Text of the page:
Wednesday, May 28, 2014

Everyday heroes: sit-ins 50 years apart show the power of ordinary people to take action against injustice

"You don't have to be a big name to make a difference and impact change. Small things can make ripples that make a big difference"
Joan Trumpauer Mullholland

Today in a Perth court 11 Christian leaders were fined $50 each for trespass after they held a prayer vigil and sit-in at the office of the Australian Foreign Minister Julie Bishop as a protest against the plight of 1100 children imprisoned in Australia's onshore and offshore immigration detention camps.

There was some concern that the Christian leaders faced a jail sentence for their protest.

The protest in the Foreign Minister's office was followed by subsequent prayer vigils and sit-in by other Christians and Church leaders on the east coast, this time in the offices of the Immigration Minister, The Prime Minister and Leader of the Opposition.

The Christian leaders are part of a long tradition in which ordinary people use sit-ins as a form of direct action protest against injustice and domination,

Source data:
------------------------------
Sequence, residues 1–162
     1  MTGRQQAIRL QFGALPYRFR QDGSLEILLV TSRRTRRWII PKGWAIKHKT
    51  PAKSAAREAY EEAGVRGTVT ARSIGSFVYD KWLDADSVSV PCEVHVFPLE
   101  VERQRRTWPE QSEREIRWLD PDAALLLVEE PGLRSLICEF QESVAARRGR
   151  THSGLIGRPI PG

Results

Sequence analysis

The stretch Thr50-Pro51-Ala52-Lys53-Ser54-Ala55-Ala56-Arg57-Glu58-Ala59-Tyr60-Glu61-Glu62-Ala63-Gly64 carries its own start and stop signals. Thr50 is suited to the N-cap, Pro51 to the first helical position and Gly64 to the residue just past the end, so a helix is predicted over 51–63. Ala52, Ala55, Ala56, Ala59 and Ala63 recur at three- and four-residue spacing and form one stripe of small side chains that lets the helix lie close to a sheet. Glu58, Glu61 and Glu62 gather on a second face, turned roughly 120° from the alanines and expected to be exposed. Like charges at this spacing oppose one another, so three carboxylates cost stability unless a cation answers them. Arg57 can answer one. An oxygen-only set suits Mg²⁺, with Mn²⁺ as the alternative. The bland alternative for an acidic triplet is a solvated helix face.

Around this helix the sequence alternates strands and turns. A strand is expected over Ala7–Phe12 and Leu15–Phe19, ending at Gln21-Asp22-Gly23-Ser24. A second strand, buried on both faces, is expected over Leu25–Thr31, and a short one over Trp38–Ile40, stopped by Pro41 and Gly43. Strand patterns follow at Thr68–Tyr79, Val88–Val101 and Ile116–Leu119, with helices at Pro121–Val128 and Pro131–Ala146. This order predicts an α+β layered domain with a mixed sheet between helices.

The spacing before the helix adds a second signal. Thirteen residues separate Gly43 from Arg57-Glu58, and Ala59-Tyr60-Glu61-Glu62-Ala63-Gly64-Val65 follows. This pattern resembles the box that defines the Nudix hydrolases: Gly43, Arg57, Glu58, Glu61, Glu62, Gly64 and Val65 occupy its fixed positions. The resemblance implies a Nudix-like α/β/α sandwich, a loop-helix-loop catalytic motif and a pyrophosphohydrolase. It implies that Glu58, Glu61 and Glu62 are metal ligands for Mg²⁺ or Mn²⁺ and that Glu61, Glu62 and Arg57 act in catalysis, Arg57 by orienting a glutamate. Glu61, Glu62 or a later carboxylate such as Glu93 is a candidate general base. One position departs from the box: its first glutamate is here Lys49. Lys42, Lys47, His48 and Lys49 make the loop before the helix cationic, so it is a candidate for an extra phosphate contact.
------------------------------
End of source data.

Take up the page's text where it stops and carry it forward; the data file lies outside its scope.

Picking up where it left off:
This iconic photo was taken on May 28th 1963 in Jackson Mississippi and shows 3 people- 2 white people and one black woman- participating in a sit- in protest at a Woolworths lunch counter. They are surrounded by angry and aggressive white men who are pouring sugar, liquid and ketchup over the 3 protesters.

The protesters were three students- John Salter, Joan Trumpauer and Anne Moody- who were protesting against racial segregation of lunch counters in Woolworths stores throughout the American south.

Initially the protesters were jeered and taunted and then doused in sugar and ketchup. They were then beaten and kicked.  

It was one of the most violent attacks on protesters involved in a sit-in the history of the civil rights movement.

The attack went on for 3 hours as the Police stood by and watched

 The Woolworths store manager eventually had to close the store and the protesters were escorted away by Police.
The story of the Woolworths sit in, the events that lead up to the protest and the fall out from it (including the murder two weeks later of civil rights leader Medger Evers) and the stories of the protesters involved are told in Mike O'Brien's book We Shall Not Be Moved.

The Jackson sit-in was one of a long line of sit-ins used during the civil rights movement to protest against racial segregation in the South during the early 1960's.

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